Having a double major was important to me because it captured a clearer picture of how I spent my time at RIT. Some of my favorite classes were: Immigration in the U.S.; Writing about Society & Culture, where I came to better understand the social construction of race in the United States; and Wicked Problems, where for the entire semester our subject was the current world water crisis. We used a human system’s design approach, which considered empathy for all stakeholders involved. I liked this approach because it included qualitative and quantitative research approaches that I had learned in my anthropology methods courses.

In 2016, I participated in the Gandhi Service Fellowship program at The Gandhi Institute for Nonviolence. As a Gandhi Fellow, I addressed the power of educating girls, globally and locally, since girls’ education is associated with reduced levels of violence and poverty. I hosted a free community screening of “Girl Rising,” which tells the stories of nine girls from around the world who had to overcome tremendous social and cultural obstacles to their education. It was powerful.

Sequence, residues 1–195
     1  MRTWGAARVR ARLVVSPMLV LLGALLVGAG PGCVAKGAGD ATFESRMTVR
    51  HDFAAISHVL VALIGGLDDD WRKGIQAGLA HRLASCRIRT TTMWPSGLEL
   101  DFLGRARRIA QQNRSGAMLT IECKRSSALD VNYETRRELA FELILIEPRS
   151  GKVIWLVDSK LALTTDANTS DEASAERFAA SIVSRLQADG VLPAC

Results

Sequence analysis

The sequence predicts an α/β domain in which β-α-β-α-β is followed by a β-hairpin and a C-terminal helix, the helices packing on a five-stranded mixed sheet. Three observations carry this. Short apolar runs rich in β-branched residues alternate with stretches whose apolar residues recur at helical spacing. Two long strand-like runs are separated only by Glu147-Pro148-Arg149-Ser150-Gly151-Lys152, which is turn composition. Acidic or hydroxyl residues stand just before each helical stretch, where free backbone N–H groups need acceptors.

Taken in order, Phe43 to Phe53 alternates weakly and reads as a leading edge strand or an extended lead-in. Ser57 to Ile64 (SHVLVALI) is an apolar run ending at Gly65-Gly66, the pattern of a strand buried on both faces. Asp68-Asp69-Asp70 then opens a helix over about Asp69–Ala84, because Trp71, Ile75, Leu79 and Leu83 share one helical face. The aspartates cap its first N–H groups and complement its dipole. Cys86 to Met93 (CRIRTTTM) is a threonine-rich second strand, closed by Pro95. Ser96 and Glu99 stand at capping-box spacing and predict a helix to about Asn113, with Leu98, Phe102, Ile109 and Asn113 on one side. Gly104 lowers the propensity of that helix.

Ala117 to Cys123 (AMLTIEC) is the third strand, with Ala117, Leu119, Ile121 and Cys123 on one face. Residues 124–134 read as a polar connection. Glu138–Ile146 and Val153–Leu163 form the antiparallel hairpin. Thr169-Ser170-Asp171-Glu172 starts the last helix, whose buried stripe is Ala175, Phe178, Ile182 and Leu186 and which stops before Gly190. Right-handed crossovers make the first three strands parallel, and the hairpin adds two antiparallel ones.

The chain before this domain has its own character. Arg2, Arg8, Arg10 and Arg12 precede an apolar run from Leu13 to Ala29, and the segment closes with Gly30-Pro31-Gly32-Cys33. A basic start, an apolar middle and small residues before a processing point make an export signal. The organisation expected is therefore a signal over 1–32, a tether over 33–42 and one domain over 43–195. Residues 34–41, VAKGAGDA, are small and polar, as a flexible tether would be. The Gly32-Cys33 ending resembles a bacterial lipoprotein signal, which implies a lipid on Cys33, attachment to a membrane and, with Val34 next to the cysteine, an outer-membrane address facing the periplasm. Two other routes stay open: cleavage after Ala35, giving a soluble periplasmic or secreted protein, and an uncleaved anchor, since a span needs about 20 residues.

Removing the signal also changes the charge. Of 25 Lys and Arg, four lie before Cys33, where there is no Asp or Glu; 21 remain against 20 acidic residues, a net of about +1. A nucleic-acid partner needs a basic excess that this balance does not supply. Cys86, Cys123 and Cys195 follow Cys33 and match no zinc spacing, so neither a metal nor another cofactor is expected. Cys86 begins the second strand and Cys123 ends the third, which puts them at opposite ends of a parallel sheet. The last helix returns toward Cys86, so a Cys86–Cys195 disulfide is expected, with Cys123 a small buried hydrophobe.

In 2017, I joined AmeriCorps, serving in the Rochester City School District. I am working at Enrico Fermi School 17, assisting the students and establishing trust. I chose AmeriCorps because I believe the Rochester community has a responsibility to help alleviate any student’s heavy burden by understanding how trauma without compassion will lead to increased violence in our city.


Read the news story about when Janine Burge was selected as a M. K. Gandhi Institute for Nonviolence fellow

Janine was interviewed about her fellowship work. 

Update: In 2018, Janine will begin a Masters in Education program at Roberts Wesleyan College. 

Janine Burge

Double major: Sociology & Anthropology and Individualized Studies